The use of close to 60 Dalet workstations for audio recording, playback and asset management, plus eight Klotz digital consoles for level control and routing, dramatically streamlines the networking process. Dalet playback ports are normaled digitally to Klotz inputs, and outputs are routed to recorder inputs; various system topologies have been developed to let radio journalists run the five production suites by themselves, while conventional operators are used in the large-format studios.

“We designed the five production suites so that reporters and producers could handle everything from a central, self-contained location,” Aiello explains. “Suites 4 and 5 are slightly different since they also house a Telos Zephyr system that can feed material directly to Washington, for example, via a [bidirectional] ISDN network connection. In this way, we can also go live to the network from any of these rooms, if necessary.”

DIGITAL CONTROL SURFACES

NPR West's Klotz digital mixing engines comprise a series of DCII Control Surfaces linked via high-speed Ethernet LANs connected to VADIS (Variable Audio-Distribution Interface System) processing cores and routers located in a number of technical areas throughout the complex. “NPR West's central mainframe houses the VADIS 880 DSP controller/router that handles assignment of the control surface's various shaft encoders and programmable switches,” says Karl Schoning, Klotz's director of engineering, adding that the system is configured with a number of mic preamps, analog inputs, AES/EBU and S/PDIF digital inputs, MADI, ADAT optical, RS232/422 serial control and other ports.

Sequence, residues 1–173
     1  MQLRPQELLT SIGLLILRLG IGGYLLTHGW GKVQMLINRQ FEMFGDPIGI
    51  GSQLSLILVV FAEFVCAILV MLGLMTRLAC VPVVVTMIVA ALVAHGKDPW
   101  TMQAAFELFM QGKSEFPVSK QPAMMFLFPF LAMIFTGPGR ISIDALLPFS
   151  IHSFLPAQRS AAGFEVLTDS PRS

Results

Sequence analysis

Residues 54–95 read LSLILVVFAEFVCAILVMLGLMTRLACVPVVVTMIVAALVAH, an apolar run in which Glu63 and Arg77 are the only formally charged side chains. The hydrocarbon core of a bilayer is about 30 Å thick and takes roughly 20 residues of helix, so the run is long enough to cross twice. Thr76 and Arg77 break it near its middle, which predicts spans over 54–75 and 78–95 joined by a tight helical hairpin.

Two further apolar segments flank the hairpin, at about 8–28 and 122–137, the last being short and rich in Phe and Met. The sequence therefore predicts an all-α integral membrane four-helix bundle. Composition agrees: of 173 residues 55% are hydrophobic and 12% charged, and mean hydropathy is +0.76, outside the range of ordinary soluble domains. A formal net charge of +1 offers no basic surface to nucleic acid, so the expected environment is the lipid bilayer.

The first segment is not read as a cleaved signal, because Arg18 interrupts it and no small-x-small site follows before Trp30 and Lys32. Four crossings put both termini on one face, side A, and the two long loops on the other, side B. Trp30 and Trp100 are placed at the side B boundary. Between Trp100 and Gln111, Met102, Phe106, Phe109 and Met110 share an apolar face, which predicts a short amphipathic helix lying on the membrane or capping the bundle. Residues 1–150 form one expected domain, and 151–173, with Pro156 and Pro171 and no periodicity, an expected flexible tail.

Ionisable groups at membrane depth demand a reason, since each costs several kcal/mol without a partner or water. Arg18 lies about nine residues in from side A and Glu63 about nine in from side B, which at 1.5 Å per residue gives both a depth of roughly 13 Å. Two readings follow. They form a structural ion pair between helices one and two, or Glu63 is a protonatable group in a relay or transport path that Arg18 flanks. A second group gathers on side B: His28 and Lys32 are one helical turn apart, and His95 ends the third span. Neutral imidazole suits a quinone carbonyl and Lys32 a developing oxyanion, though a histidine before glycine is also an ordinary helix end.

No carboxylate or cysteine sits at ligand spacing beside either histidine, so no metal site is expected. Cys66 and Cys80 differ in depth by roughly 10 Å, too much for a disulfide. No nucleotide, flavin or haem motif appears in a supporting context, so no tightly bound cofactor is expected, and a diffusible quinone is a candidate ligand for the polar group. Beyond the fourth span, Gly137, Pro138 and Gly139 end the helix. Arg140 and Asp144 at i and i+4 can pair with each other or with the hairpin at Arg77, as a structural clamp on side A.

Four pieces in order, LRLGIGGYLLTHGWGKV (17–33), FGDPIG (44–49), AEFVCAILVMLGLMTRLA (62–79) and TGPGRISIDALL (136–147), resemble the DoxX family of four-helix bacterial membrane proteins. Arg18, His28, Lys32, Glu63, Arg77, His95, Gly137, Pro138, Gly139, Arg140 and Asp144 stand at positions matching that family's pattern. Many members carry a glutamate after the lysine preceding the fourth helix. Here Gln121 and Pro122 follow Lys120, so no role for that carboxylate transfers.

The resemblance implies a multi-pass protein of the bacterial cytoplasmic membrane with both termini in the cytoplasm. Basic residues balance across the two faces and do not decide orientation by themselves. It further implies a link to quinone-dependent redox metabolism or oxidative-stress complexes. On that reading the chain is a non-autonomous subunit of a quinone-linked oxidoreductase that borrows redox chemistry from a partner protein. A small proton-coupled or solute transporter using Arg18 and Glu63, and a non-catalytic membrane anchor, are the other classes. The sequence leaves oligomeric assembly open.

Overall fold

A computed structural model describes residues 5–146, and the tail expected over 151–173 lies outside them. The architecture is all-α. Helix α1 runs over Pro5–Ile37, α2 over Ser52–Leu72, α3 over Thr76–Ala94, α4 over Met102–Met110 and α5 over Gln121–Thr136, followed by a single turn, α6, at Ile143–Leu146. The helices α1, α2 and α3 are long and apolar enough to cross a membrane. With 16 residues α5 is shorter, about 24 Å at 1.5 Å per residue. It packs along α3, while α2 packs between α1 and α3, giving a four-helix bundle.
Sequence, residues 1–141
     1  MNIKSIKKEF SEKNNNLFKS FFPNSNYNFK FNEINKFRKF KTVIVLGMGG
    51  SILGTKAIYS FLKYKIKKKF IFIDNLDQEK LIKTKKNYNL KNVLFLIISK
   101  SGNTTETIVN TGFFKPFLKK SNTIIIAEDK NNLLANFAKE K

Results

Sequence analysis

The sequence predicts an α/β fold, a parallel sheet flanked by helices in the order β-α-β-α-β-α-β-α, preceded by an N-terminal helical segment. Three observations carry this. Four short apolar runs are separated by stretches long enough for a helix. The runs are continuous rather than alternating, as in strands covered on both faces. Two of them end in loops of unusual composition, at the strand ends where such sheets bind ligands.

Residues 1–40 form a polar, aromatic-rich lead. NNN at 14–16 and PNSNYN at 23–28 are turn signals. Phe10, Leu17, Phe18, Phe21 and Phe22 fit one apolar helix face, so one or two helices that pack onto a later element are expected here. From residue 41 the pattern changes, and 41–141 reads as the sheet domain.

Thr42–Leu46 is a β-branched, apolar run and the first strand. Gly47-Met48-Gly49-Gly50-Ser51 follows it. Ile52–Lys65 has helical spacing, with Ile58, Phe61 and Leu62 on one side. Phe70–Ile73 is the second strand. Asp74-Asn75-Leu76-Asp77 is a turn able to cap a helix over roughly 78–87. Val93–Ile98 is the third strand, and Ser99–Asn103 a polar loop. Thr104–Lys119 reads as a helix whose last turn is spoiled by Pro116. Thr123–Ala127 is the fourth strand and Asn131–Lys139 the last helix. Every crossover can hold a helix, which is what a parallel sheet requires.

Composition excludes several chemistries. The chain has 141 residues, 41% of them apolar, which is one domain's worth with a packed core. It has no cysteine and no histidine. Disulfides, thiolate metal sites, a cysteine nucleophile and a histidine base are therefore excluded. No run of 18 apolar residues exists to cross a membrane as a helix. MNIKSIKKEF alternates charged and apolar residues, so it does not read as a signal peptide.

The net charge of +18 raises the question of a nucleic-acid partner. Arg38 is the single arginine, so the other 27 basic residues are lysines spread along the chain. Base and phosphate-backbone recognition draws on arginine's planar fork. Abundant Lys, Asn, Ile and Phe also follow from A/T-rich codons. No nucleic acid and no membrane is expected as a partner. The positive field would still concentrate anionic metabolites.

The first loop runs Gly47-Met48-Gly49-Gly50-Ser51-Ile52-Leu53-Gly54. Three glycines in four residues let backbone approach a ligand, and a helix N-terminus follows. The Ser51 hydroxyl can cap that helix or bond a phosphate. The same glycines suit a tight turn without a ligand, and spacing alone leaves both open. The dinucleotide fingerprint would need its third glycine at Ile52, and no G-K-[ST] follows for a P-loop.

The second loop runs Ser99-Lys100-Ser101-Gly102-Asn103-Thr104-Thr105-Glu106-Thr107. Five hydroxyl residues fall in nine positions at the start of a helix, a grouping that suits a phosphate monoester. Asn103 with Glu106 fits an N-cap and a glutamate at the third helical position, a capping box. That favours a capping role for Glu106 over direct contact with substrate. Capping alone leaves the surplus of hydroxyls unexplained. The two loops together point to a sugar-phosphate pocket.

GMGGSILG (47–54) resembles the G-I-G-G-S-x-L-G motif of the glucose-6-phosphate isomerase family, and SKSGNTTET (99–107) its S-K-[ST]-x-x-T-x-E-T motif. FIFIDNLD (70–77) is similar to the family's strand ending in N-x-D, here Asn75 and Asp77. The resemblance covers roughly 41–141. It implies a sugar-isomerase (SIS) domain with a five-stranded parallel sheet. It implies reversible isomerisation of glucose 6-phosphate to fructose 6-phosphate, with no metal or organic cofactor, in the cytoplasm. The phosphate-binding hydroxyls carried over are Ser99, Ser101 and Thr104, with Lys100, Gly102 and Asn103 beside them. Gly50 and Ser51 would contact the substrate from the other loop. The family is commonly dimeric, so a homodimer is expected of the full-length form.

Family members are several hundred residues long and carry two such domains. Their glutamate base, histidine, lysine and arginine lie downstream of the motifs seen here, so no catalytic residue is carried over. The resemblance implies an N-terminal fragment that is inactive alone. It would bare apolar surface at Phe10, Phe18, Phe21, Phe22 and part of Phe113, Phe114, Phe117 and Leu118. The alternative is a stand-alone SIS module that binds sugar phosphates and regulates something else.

“By creating a two-layered system in VADIS, we have separated audio from control,” stresses Klotz project leader Jonathan Burtner. This configuration allows for the routing of logic/machine control information, audio signals, serial information, program-associated data information and digital sync, while eliminating approximately 90% of traditional inter-room cabling. “And our TDM [Time Division Multiplex technology] has allowed us to design a system with scalable DSP that results in an unlimited bus structure.”